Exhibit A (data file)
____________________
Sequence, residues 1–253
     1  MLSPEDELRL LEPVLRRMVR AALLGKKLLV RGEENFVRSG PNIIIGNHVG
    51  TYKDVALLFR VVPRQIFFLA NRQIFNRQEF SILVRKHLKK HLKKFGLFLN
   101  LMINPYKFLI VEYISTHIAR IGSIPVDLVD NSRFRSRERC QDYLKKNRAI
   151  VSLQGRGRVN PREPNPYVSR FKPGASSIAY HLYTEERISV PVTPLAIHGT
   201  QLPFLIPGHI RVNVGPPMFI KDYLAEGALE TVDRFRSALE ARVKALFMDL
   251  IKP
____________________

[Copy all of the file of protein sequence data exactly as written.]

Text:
Sequence, residues 1–253
     1  MLSPEDELRL LEPVLRRMVR AALLGKKLLV RGEENFVRSG PNIIIGNHVG
    51  TYKDVALLFR VVPRQIFFLA NRQIFNRQEF SILVRKHLKK HLKKFGLFLN
   101  LMINPYKFLI VEYISTHIAR IGSIPVDLVD NSRFRSRERC QDYLKKNRAI
   151  VSLQGRGRVN PREPNPYVSR FKPGASSIAY HLYTEERISV PVTPLAIHGT
   201  QLPFLIPGHI RVNVGPPMFI KDYLAEGALE TVDRFRSALE ARVKALFMDL
   251  IKP